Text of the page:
June 01, 2005

Revenge of the Sith

The final hour of Star Wars: Episode III – Revenge of the Sith may rightfully go down as one of the finest examples of filmmaking ever. It represents George Lucas in top, almost effortless form. He achieves the amazing without ever stopping to admire what he has achieved, because there is so much more amazing left for him to get to. It is a staggering collision of story, character, and spectacle that comes together almost exactly as it should.
The first hour of Star Wars: Episode III – Revenge of the Sith may rightfully go down as one of the most unmemorable in filmmaking history. It represents George Lucas at his sloppiest, rustiest form. It begins with such blinding fury that the result is largely incomprehensible, and pauses only for dialog that makes Godzilla dubs sound like Shakespeare. There are moments of promise to be sure — that first epic shot that goes on and on and on, the way that Palpatine’s serpent tongue meticulously leads Anakin astray, and the final parting of Anakin Skywalker and Obi-Wan Kenobi. But they are awash in a sea of such mediocrity that a greater effort is required to invest myself in the proceedings than at any other point in the entire saga. The first two episodes each have deep and fundamental flaws, but even where they’re failing I still feel compelled and engaged, as I’m carried through the rough patches by the sheer energy of the tide they are awash in. Despite all the daring-do, the first epic action set piece utterly fails to rouse me, and the remainder of the first half takes a long time to recover from its stalled momentum. In fact, I’m just starting to think it may salvage itself as an acceptable movie when the rug is pulled right out from under me.
Because what many fans waited through Phantom Menace and Clones for happens in one blazing moment. Anakin is given a clear choice between the Jedi and the Sith, much like his son at the end of Return of the Jedi. And he chooses the other path. The great leader of the Jedi plummets to his death and Anakin Skywalker prostrates himself before the soon-to-be Emperor. This sounds perhaps lame on paper but in the space of a minute it is both shocking and electrifying. Much of the power of the final act comes from the ruthless — even brutal — efficiency with which Lucas sets the stage for the original Star Wars.
But not all of it. There are moments of profound beauty and joy too, the final shot of the film first and foremost among them. And there are several others: Yoda’s final moment on Kashyyyk has surprising poignance as he is carried away with a stirring rendition of the Force them, our only shot from the surface of Alderaan shows that one couple’s tragedy will allow for another couple’s greatest joy. These are small touches of humanity that challenge any critics’ decree that Lucas was never good at telling human stories. They further the mystery of why the first half is so lacking, all while helping the film transcend that first half into something really sort of wonderful.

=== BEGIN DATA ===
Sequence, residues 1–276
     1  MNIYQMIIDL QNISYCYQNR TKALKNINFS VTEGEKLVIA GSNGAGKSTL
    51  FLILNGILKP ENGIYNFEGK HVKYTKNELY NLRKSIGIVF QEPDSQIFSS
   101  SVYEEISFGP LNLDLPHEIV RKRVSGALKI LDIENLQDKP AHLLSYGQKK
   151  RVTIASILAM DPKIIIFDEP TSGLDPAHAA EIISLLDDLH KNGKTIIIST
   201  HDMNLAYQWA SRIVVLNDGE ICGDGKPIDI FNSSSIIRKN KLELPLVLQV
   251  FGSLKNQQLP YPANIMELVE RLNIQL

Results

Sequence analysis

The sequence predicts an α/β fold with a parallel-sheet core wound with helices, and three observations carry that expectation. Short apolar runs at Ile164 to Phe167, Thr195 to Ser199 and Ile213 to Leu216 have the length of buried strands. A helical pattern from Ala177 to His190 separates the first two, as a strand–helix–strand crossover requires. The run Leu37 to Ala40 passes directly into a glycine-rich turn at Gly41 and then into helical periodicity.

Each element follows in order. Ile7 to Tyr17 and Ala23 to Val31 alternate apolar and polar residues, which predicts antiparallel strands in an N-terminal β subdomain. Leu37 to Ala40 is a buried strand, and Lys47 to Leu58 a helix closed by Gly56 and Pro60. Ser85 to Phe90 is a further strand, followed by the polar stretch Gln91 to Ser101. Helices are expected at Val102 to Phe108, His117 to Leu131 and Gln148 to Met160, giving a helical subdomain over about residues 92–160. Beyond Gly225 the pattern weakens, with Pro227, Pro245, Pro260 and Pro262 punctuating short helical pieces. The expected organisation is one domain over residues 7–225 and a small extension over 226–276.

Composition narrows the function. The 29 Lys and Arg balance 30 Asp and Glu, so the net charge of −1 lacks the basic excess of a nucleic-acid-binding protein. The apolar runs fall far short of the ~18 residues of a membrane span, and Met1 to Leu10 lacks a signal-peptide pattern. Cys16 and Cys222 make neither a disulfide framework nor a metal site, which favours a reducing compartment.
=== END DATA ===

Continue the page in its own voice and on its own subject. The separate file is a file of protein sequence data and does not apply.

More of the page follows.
Then there is the acting. Even as a generally big fan of the prequels I couldn’t find one cringe-worthy performance this time around, even when the words they were speaking were less than stellar. The only thing in the film that made me cringe at all was the droid humour, which seemed out of place compared to what the prior films showed us about the limitations of their abilities — particularly R2D2. The rest of the distasteful parts were able enough to be merely boring, which is perhaps a greater sin than outright terrible in the world of film.
Finally there is the melancholy. Critics like Roger Ebert insist that either Lucas or his company will go back to the well at least a couple more times before letting the franchise finally rest in peace. The film itself serves as a fundamentally clear rebuttal of that theory to me. By the time the blue Lucas credit pops on the screen, the entire saga has been completed. It feels complete, one seamless entity with a clearly defined beginning and end. Any other stories that are told in this universe will need to be peripheral. Coming out of the theatre on May 19th with my father just like Return of the Jedi years earlier, I felt I’d seen it all. And that is a very bittersweet thing. ()

  - ADAM LENHARDT